SANDRINI BROTHERS, Plaintiff and Appellant, v. Henry J. VOSS, as Director, etc., Defendant and Appellant.
Pursuant to Food and Agriculture Code section 12648 1 the Department of Food and Agriculture and its director (collectively the “Department”) issued a notice of seizure and opportunity for hearing to Sandrini Brothers (Sandrini), a general partnership engaged in farming. The notice informed Sandrini the Department intended to seize certain grapes prior to a hearing because the Department believed the grapes had been treated with an “economic poison” and would be harvested before completion of the hearing process. The notice also advised Sandrini of its right to challenge the notice of seizure within 15 days and to a hearing within five days of a request. Sandrini requested a hearing, following which the hearing officer sustained the Department's seizure.
Sandrini filed a petition for writ of administrative mandamus in the superior court pursuant to Code of Civil Procedure section 1094.5 seeking a ruling that the seizure was wrongful and requesting an award of damages pursuant to Code of Civil Procedure section 1095.
The trial court, relying upon Menefee & Son v. Department of Food & Agriculture (1988) 199 Cal.App.3d 774, 245 Cal.Rptr. 166, found section 12648 unconstitutional on its face because the section does not expressly provide a means for compensation in the event the Department seizes property wrongfully. The court limited its analysis to the pleadings; it did not consider evidence produced before the court. It entered judgment in favor of Sandrini and vacated the findings and order of the hearing officer. The court denied Sandrini's request for attorney's fees pursuant to Government Code section 800, Code of Civil Procedure section 1021.5, and 42 United States Code section 1988. The Department appeals from the determination that section 12648 is unconstitutional, and Sandrini cross-appeals from the order denying attorney's fees.
THE DEPARTMENT'S APPEALI. Section 12648 and Provision for Compensation in the Event of a Wrongful Seizure.
At the times relevant to the decision in Menefee & Son v. Department of Food & Agriculture, supra, 199 Cal.App.3d 774, 245 Cal.Rptr. 166, section 12648 read:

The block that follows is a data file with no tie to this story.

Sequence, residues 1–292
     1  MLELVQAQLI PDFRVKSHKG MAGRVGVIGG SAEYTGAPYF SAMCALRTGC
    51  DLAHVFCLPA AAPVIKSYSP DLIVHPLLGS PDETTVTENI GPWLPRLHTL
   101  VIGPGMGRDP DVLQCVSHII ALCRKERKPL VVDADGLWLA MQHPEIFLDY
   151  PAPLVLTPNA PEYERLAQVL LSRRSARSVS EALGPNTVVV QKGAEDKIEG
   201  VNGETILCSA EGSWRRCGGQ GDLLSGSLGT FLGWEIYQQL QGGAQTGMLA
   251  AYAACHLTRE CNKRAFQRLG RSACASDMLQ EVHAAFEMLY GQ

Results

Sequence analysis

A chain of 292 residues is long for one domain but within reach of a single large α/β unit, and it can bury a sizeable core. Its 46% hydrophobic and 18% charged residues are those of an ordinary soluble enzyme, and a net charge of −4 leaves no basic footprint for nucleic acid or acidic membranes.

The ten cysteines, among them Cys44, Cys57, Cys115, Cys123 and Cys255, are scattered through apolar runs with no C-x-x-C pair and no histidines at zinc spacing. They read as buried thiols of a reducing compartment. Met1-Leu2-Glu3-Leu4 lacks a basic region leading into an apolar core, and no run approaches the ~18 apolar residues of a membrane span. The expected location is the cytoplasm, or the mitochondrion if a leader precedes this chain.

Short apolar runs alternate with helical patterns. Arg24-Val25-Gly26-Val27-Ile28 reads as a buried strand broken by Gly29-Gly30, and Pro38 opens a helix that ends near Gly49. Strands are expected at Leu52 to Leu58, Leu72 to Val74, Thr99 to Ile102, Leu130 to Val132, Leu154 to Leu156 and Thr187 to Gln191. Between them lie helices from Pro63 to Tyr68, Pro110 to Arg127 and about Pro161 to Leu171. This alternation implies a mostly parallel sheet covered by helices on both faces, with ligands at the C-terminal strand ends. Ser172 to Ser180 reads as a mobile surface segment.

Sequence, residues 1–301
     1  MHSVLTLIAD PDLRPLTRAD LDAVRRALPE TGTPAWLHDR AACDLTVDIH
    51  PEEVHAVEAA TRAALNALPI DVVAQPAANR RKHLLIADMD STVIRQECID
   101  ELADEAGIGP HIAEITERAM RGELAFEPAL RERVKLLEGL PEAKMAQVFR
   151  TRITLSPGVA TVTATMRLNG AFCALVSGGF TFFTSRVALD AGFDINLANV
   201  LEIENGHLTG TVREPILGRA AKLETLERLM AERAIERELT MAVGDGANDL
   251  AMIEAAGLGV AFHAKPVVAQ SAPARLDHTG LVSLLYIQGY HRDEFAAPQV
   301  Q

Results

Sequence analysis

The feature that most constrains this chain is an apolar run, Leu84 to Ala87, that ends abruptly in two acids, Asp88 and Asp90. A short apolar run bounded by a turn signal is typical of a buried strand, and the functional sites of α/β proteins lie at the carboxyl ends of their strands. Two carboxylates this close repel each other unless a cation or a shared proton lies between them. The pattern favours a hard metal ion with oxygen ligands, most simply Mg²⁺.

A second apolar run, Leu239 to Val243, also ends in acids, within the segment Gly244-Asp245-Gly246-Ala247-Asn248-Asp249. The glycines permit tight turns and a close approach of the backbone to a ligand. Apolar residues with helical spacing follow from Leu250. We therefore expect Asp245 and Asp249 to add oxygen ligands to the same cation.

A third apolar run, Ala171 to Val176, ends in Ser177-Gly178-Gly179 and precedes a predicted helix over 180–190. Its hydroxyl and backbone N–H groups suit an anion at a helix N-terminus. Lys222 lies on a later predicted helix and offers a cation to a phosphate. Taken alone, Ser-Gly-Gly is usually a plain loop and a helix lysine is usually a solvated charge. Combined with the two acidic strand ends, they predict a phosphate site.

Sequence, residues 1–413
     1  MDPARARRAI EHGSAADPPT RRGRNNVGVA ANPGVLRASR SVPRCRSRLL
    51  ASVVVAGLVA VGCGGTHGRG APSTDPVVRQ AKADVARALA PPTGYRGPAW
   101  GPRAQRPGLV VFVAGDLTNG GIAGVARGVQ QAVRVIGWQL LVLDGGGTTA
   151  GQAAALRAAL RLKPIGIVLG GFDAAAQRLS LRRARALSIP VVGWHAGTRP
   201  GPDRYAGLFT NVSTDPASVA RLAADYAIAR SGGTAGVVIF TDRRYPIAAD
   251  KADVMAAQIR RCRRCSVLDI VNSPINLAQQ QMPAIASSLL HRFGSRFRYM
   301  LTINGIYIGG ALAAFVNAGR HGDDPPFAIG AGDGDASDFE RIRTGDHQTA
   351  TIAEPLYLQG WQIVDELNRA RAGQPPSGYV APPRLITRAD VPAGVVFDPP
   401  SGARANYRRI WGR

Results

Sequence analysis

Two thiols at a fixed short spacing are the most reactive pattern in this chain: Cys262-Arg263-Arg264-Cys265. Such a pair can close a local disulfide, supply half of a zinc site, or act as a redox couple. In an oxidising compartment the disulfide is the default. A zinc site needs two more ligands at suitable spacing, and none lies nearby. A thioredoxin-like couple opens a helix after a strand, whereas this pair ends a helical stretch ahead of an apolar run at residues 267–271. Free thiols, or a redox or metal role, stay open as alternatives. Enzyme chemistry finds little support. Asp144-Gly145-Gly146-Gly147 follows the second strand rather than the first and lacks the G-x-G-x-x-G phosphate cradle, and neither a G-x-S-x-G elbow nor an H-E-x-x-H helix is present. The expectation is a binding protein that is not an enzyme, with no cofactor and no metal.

“ ‘Notwithstanding any other provision of this code, if the director finds evidence that a crop, commodity, or site has been treated with an economic poison not registered pursuant to Chapter 2 (commencing with Section 12751) for use on the crop, commodity, or site and the treatment has resulted in, or could reasonably result in, the creation of a hazard to human health or an unfair business advantage, the crop or commodity may be declared by the director to be a public nuisance and may be seized and held to prevent harvest and sale. The director shall hold the crop or commodity for 30 days, and if no action has been filed to contest the seizure, the director may order that the crop or commodity be destroyed.’ ” (Id. at p. 780, 245 Cal.Rptr. 166, fn. omitted.)
Menefee determined this prior version of section 12648 was unconstitutional both on its face and in its application because it made no provision for preseizure notice and hearing, or for “any hearing whatsoever.” (Id. at pp. 782–783, 245 Cal.Rptr. 166.) The court held an action by a party challenging a seizure was an insufficient procedural safeguard because the statute provided no hearing procedure before commencement of a judicial action.
However, the Menefee court did not end its discussion of the procedural due process inadequacies of the statute upon finding notice and hearing deficiencies. In addition, the court stated:
“In any event, even if we concluded that the availability of a judicial action could serve as a substitute for an administrative hearing, we would still find section 12648 deficient. It compels the owner to institute the action rather than the department. (Ibid.; see Carrera v. Bertaini  63 Cal.App.3d [721,] 729 [134 Cal.Rptr. 14].) It gives the owner just 30 days to institute an action or his crop will be destroyed and provides no form of compensation in the event the deprivation of property proves to have been wrongful. (Skelly v. State Personnel Bd.  15 Cal.3d [194,] 209 [124 Cal.Rptr. 14, 539 P.2d 774].) The statute does not require notice of the type of proceeding which may be instituted. (In re Harris  69 Cal.2d [486,] 490 [72 Cal.Rptr. 340, 446 P.2d 148].) And, even more critically, it does not provide for the type of judicial hearing which would be essential to provide due process. In short, if a judicial proceeding is the owner's first and only opportunity to have a hearing on the merits of the seizure, then it is essential that the department be required to bear the burden of proof on all issues and the statute must so provide.” (199 Cal.App.3d at pp. 782–783, 245 Cal.Rptr. 166; emphasis added.)
In response to Menefee the Legislature amended section 12648, effective September 15, 1988, to provide, in part:
“(a) Notwithstanding any other provision of this code, a site within this state that has been treated with, or a plant, crop, or commodity, whether grown in this state or elsewhere, that has been treated with, or grown on a site treated with, an economic poison that is not registered for use on that plant, crop, commodity, or site is a public nuisance and may be seized by order of the director.